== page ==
Those responsible for the decision to begin cooperation in terms of the outsourcing of IT services usually indicate the following questions and concerns:
- communication problems (language barriers, remote communications – video conferencing, teleconferencing, lack of face-to-face meetings);
- difficult contact;
- lack of integration with the outsourced team;
- lack of involvement of the outsourced team;
- loss of control over the quality and speed of the project (risk of dissatisfaction of the final customer);
- coordination problems;
- cultural differences;
- the risk of a bad reception within the company to the decision to cooperate with a third-party vendor (a bad effect on the atmosphere within the team);
- the risk of an ‘us’ and ‘them’ mentality developing within the project;
- bad experiences of one’s own or other companies in terms of IT offshoring;
- unpredictability and ‘surprises’ which may pop up during cooperation.
Without a doubt, these concerns are reasonable, and therefore the organization of such collaboration is especially important in order to minimize the potential risk. From the very beginning honest communication and clearly defined rules should be established, and – perhaps most importantly – the two parties involved must be able to get to know each other better. If it should prove possible, both parties should move toward the process of onboarding, which initiates cooperation and consists of meeting people directly engaged in the execution of the project. Normally, onboarding should last between 3 and 5 days, during which the client managers on the client’s side, such as the Project Manager, Product Owner and Software Architect, meet with the team put together by their business partner: the Project Manager, Technical Leader and developers.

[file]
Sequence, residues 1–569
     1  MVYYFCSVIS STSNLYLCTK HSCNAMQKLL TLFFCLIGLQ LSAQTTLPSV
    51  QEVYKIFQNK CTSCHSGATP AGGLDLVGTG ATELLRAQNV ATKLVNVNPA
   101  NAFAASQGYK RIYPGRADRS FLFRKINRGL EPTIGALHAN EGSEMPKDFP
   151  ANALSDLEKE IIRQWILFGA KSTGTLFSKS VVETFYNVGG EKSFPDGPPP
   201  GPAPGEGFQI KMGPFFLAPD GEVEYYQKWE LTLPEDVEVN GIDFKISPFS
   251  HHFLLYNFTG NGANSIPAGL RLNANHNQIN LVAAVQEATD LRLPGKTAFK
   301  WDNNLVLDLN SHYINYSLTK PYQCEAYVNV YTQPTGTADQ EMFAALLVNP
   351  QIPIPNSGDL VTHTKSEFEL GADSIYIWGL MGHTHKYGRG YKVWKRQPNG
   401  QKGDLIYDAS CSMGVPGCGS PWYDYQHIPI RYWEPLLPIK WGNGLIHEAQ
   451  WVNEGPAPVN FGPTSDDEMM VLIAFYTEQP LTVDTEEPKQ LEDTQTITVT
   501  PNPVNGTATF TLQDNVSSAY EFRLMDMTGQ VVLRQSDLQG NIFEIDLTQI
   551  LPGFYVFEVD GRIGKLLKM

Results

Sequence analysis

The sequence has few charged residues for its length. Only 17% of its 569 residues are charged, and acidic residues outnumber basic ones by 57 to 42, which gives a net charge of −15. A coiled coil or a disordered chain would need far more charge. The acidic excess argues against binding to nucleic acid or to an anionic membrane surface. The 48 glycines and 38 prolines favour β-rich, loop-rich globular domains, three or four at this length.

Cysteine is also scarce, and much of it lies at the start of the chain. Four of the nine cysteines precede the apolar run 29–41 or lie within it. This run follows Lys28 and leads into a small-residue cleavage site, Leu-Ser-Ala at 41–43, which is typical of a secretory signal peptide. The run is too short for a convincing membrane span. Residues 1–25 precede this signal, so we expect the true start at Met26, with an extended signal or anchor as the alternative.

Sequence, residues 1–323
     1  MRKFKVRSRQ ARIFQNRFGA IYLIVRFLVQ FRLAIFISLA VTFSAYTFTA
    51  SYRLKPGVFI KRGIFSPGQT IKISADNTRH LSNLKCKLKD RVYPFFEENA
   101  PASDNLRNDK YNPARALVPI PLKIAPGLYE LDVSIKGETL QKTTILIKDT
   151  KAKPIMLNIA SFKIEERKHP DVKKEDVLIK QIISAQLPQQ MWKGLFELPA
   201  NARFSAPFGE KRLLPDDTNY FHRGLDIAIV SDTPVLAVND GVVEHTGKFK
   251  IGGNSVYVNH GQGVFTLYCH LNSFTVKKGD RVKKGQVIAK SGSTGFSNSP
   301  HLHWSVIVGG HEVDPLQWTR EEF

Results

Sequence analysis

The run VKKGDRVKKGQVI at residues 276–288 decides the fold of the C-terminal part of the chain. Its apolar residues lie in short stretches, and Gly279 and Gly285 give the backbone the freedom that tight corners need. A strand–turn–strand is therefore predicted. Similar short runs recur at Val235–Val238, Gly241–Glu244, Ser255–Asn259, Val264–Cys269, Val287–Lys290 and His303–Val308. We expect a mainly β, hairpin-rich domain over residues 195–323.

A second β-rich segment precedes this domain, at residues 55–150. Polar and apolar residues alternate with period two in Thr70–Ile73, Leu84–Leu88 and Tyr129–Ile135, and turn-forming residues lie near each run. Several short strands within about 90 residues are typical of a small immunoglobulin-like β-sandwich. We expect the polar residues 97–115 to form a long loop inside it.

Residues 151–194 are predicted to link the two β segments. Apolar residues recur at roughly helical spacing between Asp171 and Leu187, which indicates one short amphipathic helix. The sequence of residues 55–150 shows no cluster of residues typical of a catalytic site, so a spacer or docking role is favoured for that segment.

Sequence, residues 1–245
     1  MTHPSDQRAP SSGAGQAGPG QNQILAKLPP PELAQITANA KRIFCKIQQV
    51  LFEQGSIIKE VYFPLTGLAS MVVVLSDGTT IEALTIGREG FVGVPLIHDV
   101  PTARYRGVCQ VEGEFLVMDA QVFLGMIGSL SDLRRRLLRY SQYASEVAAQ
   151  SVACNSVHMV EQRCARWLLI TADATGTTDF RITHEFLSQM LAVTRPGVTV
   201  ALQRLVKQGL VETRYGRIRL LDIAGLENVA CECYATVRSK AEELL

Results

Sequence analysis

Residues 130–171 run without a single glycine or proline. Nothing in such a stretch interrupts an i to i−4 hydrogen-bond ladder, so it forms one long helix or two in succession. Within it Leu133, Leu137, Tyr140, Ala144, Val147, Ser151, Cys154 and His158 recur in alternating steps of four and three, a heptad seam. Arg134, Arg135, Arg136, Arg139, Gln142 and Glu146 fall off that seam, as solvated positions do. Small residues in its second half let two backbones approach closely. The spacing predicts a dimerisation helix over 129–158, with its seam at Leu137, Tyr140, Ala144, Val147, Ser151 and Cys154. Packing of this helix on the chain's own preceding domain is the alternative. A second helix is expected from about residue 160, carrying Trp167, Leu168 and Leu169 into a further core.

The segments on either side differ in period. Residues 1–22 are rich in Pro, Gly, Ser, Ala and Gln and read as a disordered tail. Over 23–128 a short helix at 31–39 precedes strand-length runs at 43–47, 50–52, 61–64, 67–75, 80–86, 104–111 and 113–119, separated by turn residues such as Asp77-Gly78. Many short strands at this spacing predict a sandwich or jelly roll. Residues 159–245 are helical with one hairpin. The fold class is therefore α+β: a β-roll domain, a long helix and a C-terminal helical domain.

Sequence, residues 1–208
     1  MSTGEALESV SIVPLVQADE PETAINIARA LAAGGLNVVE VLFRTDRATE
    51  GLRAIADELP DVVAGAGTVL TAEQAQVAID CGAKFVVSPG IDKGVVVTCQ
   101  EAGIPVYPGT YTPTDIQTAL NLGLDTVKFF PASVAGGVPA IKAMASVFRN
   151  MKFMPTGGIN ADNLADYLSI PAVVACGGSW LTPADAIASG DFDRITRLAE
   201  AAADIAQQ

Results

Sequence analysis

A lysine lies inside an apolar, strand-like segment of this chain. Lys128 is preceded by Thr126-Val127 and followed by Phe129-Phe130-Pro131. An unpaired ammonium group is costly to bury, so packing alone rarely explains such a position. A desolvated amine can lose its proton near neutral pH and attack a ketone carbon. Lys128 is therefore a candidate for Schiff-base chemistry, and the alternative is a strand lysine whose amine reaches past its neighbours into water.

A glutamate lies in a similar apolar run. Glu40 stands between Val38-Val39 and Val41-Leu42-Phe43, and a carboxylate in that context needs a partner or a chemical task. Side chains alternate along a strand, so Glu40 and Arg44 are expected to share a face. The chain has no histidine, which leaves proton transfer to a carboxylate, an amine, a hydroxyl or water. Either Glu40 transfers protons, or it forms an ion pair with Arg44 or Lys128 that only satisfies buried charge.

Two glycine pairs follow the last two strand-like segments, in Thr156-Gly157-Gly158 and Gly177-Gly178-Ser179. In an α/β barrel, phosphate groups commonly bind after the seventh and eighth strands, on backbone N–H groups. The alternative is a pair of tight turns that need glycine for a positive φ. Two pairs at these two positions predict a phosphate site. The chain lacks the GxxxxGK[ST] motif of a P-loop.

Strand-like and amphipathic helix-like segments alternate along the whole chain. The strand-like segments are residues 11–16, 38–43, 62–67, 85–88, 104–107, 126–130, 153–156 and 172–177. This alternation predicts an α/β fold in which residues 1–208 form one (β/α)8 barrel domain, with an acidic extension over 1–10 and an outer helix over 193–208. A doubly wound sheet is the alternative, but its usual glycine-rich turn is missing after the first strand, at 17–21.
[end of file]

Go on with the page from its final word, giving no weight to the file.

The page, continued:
Onboarding is designed to:
- help with understanding the business objectives of the client and the project itself;
- establish the principles and tools of communication;
- establish roles within the team;
- prepare hardware and software for use in the project;
- get to know colleagues through initial integration.